The Ref and I

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One time, after getting tossed from a hockey game, I expressed my displeasure and disagreement with the referee’s decision by throwing three full garbage bags on the ice – one each for the referee and his two linesmen.

Another time, I was arguing with a referee. Of course I knew I was right and that he was wrong. But towards the end he yelled at me, “One more word and you’re out!” I leaned in and very quietly told him that he’s a terrible referee (this is a PG-rated version of what I actually said). He hesitated over what to do, then skated away, shaking his head before continuing with the game.

I don’t know where it all started. When did I become the bad guy in the eyes of the zebras? They’re great guys, I’m sure they all have families and more importantly, have feelings. I’m smiling here as I write this part.

But seriously, to understand what a referee goes through in any given game, you’d have to skate a mile on their blades. This I did for two summers. I can tell you, you can make your closest friend, your brother or even a church-going quiet guy turn on you after one bad call. I was blamed for goals against and losses. And here I was just trying to provide some good officiating to our wonderful game. It was tough. Of course, once it was all done, everyone was all smiles and laughs.

Being an official can be rewarding, but also thankless. It’s not a career I’d want, but one can learn to respect the officials who have enforced the game’s rules over many years. I’m sure the pay is decent for an after-work kind of gig. But the turnover for referees is high, you see most just come and go realizing this isn’t for them.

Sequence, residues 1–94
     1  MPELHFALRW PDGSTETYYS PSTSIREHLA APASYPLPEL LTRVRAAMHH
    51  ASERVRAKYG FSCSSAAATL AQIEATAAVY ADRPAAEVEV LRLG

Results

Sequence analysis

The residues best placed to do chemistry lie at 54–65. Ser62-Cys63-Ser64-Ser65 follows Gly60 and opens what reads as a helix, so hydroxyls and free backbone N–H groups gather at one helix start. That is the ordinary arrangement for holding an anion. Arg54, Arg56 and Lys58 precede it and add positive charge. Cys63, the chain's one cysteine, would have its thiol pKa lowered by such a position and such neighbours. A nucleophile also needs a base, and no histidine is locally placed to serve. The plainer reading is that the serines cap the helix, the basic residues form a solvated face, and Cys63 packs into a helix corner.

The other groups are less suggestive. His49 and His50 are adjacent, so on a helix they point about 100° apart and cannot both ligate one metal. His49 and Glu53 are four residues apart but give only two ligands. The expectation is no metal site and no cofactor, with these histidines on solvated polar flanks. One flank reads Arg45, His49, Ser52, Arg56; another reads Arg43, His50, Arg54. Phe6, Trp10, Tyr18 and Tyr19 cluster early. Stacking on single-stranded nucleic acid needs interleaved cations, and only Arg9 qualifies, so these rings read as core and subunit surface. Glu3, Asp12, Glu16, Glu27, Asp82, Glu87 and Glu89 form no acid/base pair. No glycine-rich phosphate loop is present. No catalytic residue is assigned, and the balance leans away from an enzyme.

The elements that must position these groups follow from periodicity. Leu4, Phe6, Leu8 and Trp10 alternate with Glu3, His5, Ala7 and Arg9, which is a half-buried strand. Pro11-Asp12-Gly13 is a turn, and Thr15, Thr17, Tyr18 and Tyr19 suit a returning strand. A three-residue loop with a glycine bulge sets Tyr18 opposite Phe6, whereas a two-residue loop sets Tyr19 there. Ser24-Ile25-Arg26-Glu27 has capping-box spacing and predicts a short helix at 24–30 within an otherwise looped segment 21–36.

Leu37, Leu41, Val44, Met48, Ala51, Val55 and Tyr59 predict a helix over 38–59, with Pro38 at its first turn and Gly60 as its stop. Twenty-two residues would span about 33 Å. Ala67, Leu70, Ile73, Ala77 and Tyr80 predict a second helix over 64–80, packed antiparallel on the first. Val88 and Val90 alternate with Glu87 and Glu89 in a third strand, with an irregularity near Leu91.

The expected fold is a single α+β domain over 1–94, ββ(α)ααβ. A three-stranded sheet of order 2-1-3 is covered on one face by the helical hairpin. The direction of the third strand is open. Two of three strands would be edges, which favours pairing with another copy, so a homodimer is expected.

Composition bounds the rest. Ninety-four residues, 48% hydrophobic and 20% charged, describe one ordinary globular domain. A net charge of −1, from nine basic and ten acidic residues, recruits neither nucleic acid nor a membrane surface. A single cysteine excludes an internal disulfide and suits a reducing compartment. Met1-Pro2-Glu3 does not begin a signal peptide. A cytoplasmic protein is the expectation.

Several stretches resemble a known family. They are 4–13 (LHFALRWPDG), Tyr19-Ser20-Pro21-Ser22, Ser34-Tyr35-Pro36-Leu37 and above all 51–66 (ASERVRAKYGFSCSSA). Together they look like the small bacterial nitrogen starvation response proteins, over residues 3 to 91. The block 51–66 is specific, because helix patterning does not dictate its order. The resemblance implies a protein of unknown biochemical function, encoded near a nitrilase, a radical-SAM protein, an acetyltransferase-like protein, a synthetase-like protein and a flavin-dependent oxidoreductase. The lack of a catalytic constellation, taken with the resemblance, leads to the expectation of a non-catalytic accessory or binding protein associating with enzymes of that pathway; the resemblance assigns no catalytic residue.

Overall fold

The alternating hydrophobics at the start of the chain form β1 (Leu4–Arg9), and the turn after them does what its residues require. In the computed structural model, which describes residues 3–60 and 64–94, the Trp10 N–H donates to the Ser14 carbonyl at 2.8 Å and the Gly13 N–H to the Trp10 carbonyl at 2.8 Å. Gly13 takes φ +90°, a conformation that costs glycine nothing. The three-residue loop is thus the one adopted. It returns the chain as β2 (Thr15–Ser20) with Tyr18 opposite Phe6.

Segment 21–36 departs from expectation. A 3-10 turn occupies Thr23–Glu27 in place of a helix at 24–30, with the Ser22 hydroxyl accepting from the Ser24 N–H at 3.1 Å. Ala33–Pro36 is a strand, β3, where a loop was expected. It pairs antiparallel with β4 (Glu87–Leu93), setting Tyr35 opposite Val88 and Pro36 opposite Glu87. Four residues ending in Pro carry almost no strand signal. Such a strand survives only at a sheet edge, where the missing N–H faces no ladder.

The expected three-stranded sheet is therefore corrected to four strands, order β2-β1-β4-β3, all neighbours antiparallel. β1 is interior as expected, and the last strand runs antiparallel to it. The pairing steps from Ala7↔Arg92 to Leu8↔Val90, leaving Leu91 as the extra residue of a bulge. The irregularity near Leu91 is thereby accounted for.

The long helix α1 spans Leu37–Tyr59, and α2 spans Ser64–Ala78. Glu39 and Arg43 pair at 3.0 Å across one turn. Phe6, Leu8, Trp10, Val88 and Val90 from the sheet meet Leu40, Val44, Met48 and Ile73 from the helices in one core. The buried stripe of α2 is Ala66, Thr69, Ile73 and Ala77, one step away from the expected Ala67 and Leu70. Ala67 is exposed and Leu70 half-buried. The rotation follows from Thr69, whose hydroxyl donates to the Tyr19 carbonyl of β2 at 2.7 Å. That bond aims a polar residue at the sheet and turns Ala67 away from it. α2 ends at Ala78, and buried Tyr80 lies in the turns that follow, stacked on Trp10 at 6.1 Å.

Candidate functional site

Then there are those who have been around so long you wish they would just retire already. I used to say referees were the kids who always got chosen last in a game of pick-up hockey, but that’s not the case. I know a few of them who can also dangle their way down the ice, including one who can spin his way around most guys.

To treat officials this way is somewhat tolerable in the adult divisions. One place there is no room for this kind of abuse is in the minor categories. As tough as it is, parents and coaches have to bite their tongues before saying something they regret.

I learned this the hard way as a coach. Seriously, what kind of coach gets suspended three times?

The respect level has to remain very high when it comes to officials and your kids. What they see mom and dad do, they do too. No matter what. There are other ways of voicing your disagreement at this level. Wait until you can communicate it with the league or administration, and not where there is a presence of little ones.

One thing we know is, without officials on the playing field, we have no games. Just practices and meaningless scrimmages. I’ve travelled one hour each way from home to the rink to play in a league that always had officiating because it makes the game more fun… and real. So, respect your referees no matter how bad they call the game. Remember, everyone has a bad game once in a while, even the ref. And don’t ever do what I did, unless you want to have some “alone time” in the box, or worse.

On a personal note, to all the refs with whom I’ve had negative encounters I want to say that I’m sorry for what I said in the past. More importantly, I’m sorry for what I most likely will say again. It’s still just a game for all of us and not worth playing if you don’t have fun.

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